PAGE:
Water pollution has many sources and characteristics. Humans and other organisms produce bodily wastes which enter rivers, lakes, oceans, and other surface waters; in high concentrations these wastes result in bacterial contamination and excessive nutrient loading. Industries discharge a variety of toxic compounds and heavy metals, and industrial process wastewater may also be too hot or too low in dissolved oxygen to support life. Silt-bearing runoff from construction sites and farms can inhibit the penetration of sunlight through the water column, and hampers water organisms in their search for food.
Ground water pollution is more difficult to clean up than surface pollution, because ground water can move hundreds of miles through unseen aquifers. Porous, fine grained aquifers, such as sands and sandstones naturally purify water of bacteria by simple filtration, but have no effect on chemical contaminants such as the components of gasoline. Ground water that moves through cracks and caverns is not filtered and can have organic pollution just as easily as surface water. In fact this can be aggravated by the human tendency to use sinkholes in Karst topography areas as dumps.
Causes of Water Pollution
Causes of unhealthy and polluted water are pretty well outlined in this diagram:
Click image to enlarge
Anthropogenic sources include:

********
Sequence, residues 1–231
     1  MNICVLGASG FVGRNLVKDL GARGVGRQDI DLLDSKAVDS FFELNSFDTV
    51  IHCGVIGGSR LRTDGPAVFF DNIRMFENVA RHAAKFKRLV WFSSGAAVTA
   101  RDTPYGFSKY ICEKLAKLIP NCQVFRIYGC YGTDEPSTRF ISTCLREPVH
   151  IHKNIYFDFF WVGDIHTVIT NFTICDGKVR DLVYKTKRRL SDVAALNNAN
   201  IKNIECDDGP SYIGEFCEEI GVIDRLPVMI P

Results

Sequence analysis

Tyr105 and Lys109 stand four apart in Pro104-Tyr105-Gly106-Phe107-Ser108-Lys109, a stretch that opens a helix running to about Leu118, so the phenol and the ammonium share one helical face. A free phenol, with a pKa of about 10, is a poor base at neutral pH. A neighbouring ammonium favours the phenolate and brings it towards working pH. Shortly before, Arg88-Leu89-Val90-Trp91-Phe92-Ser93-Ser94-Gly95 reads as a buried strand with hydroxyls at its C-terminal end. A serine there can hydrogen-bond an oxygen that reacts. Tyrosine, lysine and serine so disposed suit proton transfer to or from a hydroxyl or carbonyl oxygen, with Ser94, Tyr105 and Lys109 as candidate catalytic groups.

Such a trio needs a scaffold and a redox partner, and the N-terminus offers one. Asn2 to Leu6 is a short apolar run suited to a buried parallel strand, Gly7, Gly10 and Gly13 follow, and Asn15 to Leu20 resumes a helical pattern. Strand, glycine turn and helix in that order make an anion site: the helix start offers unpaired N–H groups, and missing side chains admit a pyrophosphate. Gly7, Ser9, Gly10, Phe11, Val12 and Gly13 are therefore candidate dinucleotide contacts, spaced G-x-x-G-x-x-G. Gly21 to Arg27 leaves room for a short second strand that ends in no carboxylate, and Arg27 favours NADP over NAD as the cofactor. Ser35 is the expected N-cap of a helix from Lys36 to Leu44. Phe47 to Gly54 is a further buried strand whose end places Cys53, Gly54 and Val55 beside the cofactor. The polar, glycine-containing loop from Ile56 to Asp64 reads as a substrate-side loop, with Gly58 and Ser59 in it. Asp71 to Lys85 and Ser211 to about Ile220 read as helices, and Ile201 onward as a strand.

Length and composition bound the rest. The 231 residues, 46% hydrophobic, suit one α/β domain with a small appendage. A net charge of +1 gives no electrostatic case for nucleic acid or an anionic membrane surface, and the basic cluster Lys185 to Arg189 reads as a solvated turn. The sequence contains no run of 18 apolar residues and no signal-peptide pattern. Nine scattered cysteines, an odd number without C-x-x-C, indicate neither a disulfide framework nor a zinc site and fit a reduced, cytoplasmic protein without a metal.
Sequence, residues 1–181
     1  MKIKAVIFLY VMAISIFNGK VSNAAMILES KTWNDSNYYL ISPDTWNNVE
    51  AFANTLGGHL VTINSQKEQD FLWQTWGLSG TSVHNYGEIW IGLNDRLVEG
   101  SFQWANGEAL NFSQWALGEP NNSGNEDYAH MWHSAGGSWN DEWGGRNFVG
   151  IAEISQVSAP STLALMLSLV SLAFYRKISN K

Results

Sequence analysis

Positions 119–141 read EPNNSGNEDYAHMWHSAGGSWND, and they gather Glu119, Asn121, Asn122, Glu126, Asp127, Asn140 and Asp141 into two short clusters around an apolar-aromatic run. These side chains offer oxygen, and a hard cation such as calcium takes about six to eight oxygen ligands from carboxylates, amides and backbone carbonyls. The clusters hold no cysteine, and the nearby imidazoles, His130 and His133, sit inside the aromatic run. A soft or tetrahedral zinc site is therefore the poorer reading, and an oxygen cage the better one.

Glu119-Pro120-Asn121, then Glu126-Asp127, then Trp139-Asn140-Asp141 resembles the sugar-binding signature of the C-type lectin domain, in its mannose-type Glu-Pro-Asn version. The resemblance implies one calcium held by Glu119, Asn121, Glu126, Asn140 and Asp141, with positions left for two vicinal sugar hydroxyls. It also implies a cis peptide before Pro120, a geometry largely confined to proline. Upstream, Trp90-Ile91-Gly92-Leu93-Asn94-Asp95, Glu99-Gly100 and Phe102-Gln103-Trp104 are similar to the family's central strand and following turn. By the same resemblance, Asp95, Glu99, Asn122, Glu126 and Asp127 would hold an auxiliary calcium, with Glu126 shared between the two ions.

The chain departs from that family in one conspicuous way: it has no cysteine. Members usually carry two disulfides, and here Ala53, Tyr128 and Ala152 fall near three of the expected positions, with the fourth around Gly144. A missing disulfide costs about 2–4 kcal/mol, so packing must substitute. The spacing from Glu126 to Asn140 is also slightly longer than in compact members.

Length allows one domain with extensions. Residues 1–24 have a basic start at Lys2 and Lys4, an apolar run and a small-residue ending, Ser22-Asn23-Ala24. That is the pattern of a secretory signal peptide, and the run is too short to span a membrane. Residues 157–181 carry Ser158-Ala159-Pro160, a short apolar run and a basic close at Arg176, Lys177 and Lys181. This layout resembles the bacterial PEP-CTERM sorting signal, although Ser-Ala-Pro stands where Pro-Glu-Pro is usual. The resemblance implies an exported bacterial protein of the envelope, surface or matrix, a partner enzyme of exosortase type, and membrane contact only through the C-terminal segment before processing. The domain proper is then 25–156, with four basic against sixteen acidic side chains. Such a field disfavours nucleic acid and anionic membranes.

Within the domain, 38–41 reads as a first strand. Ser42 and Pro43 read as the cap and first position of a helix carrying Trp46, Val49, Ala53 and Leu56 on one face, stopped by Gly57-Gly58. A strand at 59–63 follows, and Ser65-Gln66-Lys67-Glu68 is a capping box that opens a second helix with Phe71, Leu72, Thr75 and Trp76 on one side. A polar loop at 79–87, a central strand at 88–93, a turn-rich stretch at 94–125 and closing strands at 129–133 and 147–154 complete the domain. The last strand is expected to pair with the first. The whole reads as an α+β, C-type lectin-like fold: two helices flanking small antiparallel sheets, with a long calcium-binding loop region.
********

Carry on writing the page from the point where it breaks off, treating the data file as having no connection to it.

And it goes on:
- discharge of poorly-treated or untreated sewage;
- runoff from construction sites, farms, or paved and other impervious surfaces;
- discharge of contaminated and/or heated water used on industrial processes
- acid rain caused by industrial discharge of sulfur dioxide (by burning high-sulfur fossil fuels)
Natural sources include:
- seasonal turnover of lakes and embayments;
- siltation due to floods;
- eutrophication of lakes due to seasonal changes
- acid rain caused by natural volcanic discharges
- acid pollution of rivers and lakes by runoff from naturally acid soils
- carbon dioxide discharges and runoff, volcanic or mineral
Acid rain is caused by compounds such as sulfur dioxide and nitrogen oxides that are released into the air. They can rise very high into the atmosphere and react with the environment to form more pollutants. These acidic polutants fall out and produce an acid rain. Sulfur dioxide and nitrogen oxides dissolve easily in water and can be spread very far by the wind. These compounds become part of the rain and snow. Human activities, primarily manufacturing, are the main cause of acid rain.
What Happens to Our Fresh Water?
First published: 2006
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